I have subscribed to the National Business Review for many years and try to read their daily emails most days. Sometimes, they have had some good articles, and one of their reporters is one of the best investigative journalists in the country.
But I have today advised the publisher that I do not want to renew my subscription when it expires shortly.
Why? Yesterday they published an article by Dita De Boni entitled “Right wing try dog-whistles to excite the wet and whiny ones”. The first lines of the article read:
“Dog-whistling, race baiting – call it what you will, but National and Act’s premeditated, strategic, and specific targeting of anxious white voters in the lead-up to election 2023 suggests these parties will do anything to win, even [if] it means stoking an unstoppable race war.
“In the past few weeks alone, three issues with a racial element to them have been beaten up beyond all recognition by the NZ Herald and seized on by National and Act in a way that suggests these parties have barely moved on from the Robert Muldoon years when it comes to race relations. The only difference is that, because of the times, Muldoon didn’t have to get into bed with the country’s lunatic fringe to find vocal support for his ideas, like the current lot.”
The article then goes on to dismiss as a “bogeyman” the Government’s plans to introduce co-governance across much of the public sector; to dismiss as trivial concerns about including te reo Maori on road signs; to criticize those who expressed dismay at allowing gangs the run of Opotiki recently; and to deplore those who strongly objected to adding ethnicity as a criterion in allocating places on the surgical waitlist.
I suppose I could not have objected to the article if the author had been explicitly identified as an advocate for the Labour Government, or for the Green or Maori parties. But she purported to be an objective journalist, writing a regular column for a business news-sheet.
I object most strongly to the statement that those who oppose the division of the country into those who have some Maori ancestry – now always with ancestors of other ethnicities as well – and those who do not are racist or “dog-whistling”.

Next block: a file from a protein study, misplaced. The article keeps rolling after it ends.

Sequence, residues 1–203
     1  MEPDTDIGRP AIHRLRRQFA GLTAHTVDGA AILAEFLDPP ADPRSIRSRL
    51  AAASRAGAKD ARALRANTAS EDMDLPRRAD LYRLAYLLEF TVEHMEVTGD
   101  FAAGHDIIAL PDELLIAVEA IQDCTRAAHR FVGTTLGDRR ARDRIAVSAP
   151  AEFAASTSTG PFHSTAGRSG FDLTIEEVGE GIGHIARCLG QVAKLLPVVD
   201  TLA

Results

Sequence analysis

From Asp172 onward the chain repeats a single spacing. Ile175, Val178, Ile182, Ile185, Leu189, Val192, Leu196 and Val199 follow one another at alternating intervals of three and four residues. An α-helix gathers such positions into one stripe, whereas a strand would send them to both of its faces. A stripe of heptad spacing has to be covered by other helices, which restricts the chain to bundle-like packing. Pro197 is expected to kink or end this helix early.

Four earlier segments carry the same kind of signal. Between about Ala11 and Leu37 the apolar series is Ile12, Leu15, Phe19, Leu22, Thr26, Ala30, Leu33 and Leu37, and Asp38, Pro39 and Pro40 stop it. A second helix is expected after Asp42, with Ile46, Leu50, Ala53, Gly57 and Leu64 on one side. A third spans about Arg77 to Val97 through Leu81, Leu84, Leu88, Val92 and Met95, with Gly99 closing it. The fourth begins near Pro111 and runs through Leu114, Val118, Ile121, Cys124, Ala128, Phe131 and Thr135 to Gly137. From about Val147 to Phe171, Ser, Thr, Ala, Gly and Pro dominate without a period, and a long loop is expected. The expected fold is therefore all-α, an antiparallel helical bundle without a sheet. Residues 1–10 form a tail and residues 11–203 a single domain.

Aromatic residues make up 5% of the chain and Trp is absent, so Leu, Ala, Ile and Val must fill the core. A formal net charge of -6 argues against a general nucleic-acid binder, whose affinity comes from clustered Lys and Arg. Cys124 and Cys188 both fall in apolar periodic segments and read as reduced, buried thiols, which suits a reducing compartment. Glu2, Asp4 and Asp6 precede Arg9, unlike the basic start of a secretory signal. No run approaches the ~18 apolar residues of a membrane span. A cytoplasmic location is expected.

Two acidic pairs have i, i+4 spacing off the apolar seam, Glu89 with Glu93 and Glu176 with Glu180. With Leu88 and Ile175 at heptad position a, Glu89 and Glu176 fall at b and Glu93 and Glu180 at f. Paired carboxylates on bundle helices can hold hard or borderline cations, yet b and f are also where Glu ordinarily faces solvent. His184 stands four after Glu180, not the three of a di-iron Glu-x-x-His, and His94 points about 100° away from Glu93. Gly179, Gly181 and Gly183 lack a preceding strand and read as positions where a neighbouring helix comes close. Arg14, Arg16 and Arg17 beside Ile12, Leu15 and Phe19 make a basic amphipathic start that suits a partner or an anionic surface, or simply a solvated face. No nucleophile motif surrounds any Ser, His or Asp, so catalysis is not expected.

What we are seeing is the Government aggressively promoting the view that the Treaty of Waitangi requires those with some Maori ancestry be given 50% of the authority in the ten regional Water Entities, with a Maori body having the authority to lay down the rules under which those Entities will operate; that those with some Maori ancestry have specific powers in the legislation advanced to replace the Resource Management Act; that local councils should likewise be obliged to gain consent from local tribes before taking almost any significant decision; that those with Maori or Pasifika ethnicity should be given a measure of priority on surgical waiting lists; and so on, through most dimensions of the public sector.
None of these policies are remotely consistent with a democracy where all citizens have equal political rights. They stem from an interpretation of the Treaty of Waitangi summarised in the infamous He Puapua report, prepared at the instruction of the Government in 2019, though kept under wraps until after the 2020 election.
Ironically, that report was arguing for more Maori involvement in the governance of the country at a time when the Leader and Deputy Leader of the National Party were Maori, as were the Deputy Leader of the Labour Party, the Leader and Deputy Leader of the New Zealand First Party, the Co-Leader of the Green Party, and the Leader of the ACT Party. To pretend that Maori were insufficiently represented in the halls of power was demonstrably nonsense.
Dita De Boni’s article made much of the widespread public resentment at the NZ Transport Agency’s adding te reo Maori to road signs. Yes, whether road signs are in English only or are in both English and te reo Maori is not the most important issue facing the country, but I suspect the public irritation over this reflects the widespread anger at the renaming of our major cities, and indeed the country itself.
When John Key’s Government suggested it was time to change the country’s flag, he had the decency to put the issue to a referendum, and accepted the result of that referendum when the majority made it clear that they did not favour any change. But this Government routinely uses Aotearoa or Aotearoa New Zealand as the name of our country despite polls showing a clear majority of the country favour the retention of the name which has been the name of our country since 1642, with Aotearoa being a late nineteenth century invention. (In 1840, the Maori words used for New Zealand were Nu Tirani.)
Likewise, many New Zealanders resent the fact that taxpayer-funded media persist in using Maori names for our major cities, even though none of those cities were in any meaningful sense Maori creations.
The cumulative effect of the superficial changes – Maori names for our major cities, the use of Aotearoa as the name of our country, Maori words on road signs – added to the really major constitutional changes which the Government has been aggressively promoting means that political parties which adhere to basic democratic principles are getting real traction.
That isn’t dog-whistling and it certainly isn’t racism. It is a demand that all citizens should have equal political rights, regardless of ethnicity – as the Treaty of Waitangi promised and any concept of democracy demands.
22 June 2023